Don't Succumb to Diet Culture

Don't Succumb to Diet Culture

Guess what? There is no wrong way to have a body.
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Inside my college's library stands a large area of blackboard with offered chalk and the open question of "What is your New Year's resolution?" While the answers vary from "wearing make-up everyday" to "make a baby", one that stood out to me, among similar others, was "lose 15 pounds".

The New Year is considered a time for cleaning up your act and determined fresh starts; unfortunately, among the celebrations and cheer, diet culture runs rampant. While it may sound unfamiliar or difficult to truly explain, "diet culture" can be best described as "society that is so inundated with dieting propaganda, that it affects how we relate to ourselves and each other", as aptly put by Melissa A. Fabello in her article for Everyday Feminism magazine.

The article that you are currently reading is not intended to criticize the individuals dieting to sincerely better themselves. Instead, this is an article intended to defend you from, and point out, the culture and self-doubt that declares you are not perfect until you are tan, have hairless skin, and a "bikini body". (You might recall Protein World's controversial beach body ad of 2015.)

In all honesty, diet culture is not established to always protect your health. Various aspects of weight loss like Weight Watchers, diet pills, and different supplements do not exist to simply improve your self-image. Since 2014, you and 108 million others are benefitting a sixty-four-billion dollar system, as recorded by Marketdata Enterprises. If anything, diet culture enforces capitalism and encourages self-hate -- not the directions toward a healthy well-being or a safe and stable mentality.

Here is a little secret: despite what the media insists, there is no wrong way to have a body. Human bodies are too varied and special. They deserve better than to be categorized to criticize and shame: fat, skinny, pear-shaped, hourglass.. We, as people, deserve more than statements like "REAL women have curves", name-calling like "twigs", and photoshopped ads with unobtainable goals. Aren't we supposed to embrace diversity, and not discourage it?

As someone who once skipped meals, who still feels guilt for eating, and continues to struggle with her self-image.. At the beginning of 2017 (or any year prior), if you crafted a New Year resolution to lose or gain weight, make sure you pursue that goal out of self-love and respect for yourself. Refuse to succumb to the enemies labeled peer pressure, fear, and self-hate.

Your body deserves better than that.

Cover Image Credit: Everyday Feminisim

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5 Things I Really Wish I Knew ~Before~ Losing My Virginity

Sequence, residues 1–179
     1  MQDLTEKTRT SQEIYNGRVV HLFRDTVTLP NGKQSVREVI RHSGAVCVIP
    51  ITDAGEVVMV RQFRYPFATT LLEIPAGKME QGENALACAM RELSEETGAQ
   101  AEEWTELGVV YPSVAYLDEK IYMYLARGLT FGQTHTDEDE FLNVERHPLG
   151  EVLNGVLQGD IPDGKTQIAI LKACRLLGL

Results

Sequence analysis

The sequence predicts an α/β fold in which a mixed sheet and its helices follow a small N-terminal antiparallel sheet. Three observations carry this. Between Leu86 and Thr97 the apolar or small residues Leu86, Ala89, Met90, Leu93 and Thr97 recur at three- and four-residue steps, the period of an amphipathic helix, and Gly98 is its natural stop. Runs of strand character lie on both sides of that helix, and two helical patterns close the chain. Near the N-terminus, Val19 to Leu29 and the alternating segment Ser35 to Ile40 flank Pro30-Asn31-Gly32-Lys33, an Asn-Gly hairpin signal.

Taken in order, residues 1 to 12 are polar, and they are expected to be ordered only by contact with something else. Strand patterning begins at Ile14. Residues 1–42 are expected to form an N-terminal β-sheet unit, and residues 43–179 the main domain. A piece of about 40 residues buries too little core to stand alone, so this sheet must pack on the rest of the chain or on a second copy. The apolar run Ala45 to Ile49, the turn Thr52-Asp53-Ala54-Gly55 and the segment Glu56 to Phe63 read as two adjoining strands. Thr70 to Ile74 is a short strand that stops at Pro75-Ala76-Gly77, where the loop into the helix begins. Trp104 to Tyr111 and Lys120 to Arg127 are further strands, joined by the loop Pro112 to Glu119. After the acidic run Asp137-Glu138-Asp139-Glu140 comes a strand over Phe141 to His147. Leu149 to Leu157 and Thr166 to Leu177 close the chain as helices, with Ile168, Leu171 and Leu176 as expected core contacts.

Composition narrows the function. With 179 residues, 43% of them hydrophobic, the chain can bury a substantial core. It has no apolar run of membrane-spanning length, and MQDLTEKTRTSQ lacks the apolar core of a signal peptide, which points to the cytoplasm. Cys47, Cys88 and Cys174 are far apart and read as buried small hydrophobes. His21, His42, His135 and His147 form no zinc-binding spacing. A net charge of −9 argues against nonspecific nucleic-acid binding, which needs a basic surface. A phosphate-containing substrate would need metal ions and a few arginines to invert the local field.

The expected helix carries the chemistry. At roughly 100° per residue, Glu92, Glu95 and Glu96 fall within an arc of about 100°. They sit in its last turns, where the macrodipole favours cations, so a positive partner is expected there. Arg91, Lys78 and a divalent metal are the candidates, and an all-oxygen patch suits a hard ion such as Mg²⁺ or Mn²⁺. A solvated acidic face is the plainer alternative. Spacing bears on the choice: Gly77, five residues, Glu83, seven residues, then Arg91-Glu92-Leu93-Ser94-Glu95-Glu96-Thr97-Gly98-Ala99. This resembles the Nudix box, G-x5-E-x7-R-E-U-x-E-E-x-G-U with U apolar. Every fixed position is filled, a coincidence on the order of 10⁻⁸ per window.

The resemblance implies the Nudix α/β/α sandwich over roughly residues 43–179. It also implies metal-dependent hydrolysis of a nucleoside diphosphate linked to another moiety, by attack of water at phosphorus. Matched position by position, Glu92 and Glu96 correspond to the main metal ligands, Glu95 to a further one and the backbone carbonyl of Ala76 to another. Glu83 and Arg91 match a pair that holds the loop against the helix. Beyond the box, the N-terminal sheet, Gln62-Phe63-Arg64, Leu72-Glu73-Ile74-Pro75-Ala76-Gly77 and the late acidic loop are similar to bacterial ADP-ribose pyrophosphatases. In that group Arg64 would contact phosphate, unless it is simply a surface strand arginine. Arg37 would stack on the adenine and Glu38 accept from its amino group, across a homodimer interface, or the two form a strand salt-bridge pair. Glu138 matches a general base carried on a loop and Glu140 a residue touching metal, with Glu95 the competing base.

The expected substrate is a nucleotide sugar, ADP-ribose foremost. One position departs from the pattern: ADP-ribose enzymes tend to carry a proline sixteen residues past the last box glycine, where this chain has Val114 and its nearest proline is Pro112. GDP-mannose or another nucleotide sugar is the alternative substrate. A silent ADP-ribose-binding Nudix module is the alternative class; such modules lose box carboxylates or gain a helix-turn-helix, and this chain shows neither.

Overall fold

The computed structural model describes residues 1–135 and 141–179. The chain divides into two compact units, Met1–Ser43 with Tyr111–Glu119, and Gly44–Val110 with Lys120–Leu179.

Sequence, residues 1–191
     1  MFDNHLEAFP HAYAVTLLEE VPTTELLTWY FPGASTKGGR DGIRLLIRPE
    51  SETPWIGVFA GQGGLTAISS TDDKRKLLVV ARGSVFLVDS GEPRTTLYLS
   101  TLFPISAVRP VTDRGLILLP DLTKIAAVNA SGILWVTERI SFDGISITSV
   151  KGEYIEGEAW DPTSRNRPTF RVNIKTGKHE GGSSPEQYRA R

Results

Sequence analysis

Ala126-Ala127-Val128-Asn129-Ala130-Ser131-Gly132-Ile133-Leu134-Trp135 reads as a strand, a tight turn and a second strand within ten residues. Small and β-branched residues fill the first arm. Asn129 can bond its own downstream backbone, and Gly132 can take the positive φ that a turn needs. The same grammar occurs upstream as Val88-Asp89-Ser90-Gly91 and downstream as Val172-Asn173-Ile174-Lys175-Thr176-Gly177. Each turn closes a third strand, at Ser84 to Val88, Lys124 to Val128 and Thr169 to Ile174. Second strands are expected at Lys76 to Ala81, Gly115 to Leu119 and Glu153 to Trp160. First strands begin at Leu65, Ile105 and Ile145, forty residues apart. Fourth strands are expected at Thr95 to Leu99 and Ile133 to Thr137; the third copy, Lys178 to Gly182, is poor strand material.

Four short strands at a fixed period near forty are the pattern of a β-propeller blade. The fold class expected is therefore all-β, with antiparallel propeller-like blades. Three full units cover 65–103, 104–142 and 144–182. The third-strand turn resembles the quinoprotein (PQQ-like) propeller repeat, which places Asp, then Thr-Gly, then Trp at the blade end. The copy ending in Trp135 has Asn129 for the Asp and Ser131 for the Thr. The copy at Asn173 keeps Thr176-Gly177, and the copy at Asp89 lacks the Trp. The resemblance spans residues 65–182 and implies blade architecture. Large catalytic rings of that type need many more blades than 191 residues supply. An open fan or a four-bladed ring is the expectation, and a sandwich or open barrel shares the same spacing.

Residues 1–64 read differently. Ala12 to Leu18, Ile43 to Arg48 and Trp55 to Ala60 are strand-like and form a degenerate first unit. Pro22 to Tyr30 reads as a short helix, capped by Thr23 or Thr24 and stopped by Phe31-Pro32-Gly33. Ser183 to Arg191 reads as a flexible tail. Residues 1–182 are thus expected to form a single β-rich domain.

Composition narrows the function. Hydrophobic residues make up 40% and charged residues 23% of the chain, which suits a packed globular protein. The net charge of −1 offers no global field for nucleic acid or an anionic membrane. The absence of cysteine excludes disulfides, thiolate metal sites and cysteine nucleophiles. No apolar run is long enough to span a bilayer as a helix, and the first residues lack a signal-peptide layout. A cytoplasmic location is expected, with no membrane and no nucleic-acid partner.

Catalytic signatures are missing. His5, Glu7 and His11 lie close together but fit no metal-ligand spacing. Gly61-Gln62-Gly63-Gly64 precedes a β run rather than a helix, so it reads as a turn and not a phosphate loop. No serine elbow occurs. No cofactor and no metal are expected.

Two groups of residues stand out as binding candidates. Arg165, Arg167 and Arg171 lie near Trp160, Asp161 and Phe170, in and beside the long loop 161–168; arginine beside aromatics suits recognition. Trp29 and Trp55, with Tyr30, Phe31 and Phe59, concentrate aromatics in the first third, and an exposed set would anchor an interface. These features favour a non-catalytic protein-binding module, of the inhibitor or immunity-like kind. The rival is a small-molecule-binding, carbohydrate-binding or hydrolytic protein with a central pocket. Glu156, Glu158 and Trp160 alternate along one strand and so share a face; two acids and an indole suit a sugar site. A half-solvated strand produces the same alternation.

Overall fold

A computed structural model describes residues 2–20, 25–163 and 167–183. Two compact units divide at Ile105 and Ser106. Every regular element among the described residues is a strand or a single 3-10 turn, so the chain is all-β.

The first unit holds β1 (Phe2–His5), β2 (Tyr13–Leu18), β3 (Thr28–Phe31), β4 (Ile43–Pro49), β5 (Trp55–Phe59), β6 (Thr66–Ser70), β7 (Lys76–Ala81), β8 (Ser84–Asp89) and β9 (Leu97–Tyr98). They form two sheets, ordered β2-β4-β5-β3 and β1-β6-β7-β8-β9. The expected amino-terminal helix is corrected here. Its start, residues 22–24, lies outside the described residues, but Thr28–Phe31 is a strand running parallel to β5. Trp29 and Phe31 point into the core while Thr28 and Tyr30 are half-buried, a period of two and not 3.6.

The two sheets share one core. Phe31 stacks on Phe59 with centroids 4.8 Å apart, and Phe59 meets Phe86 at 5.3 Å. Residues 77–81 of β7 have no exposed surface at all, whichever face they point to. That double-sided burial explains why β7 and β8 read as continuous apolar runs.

Advice to our younger selves.
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Everyone has a first time. We're all at different stages of our lives when it happens, which impacts how we approach the situation and how we feel about it immediately after and in reflections. Some people idealize their first time, some people regret it, some people feel nothing about it. I agonized over my virginity.

I wanted nothing more than to throw it at the first willing participant. I felt that it made me someone inferior to my friends who had already had sex, like somehow I was missing out on some great secret of life or somehow I was less mature than them. I spent a lot of time wishing it would just happen, and then one day, it did when I wasn't expecting it. I don't regret my first time, but because I had wished for it to happen for so long, I had built up this image in my head of how it would be that was completely unrealistic.

So, this is for those girls like me whose imaginations get the best of them. Here are some tips to ease your worries and prepare you for what it's really going to be like.

1. It's going to be awkward.

Not just the first time, every time. No matter how much porn or how many blogs or erotic fiction you read, you will not have any idea what you're doing. The other person probably won't, either. There are too many variables, and you're both so concerned with doing it well, you'll be focused on too many things to properly control your limbs.

2. Don't think about your body.

The angles that are required for things to work leave both participants in awkward positions with limbs in strange places. Don't look at your body; don't even think about where your limbs are. Just keep your eyes and mind on the other person and what they're doing and how you're feeling. If you're feeling bad, let them know, so you can change it. If you're feeling good, enjoy it.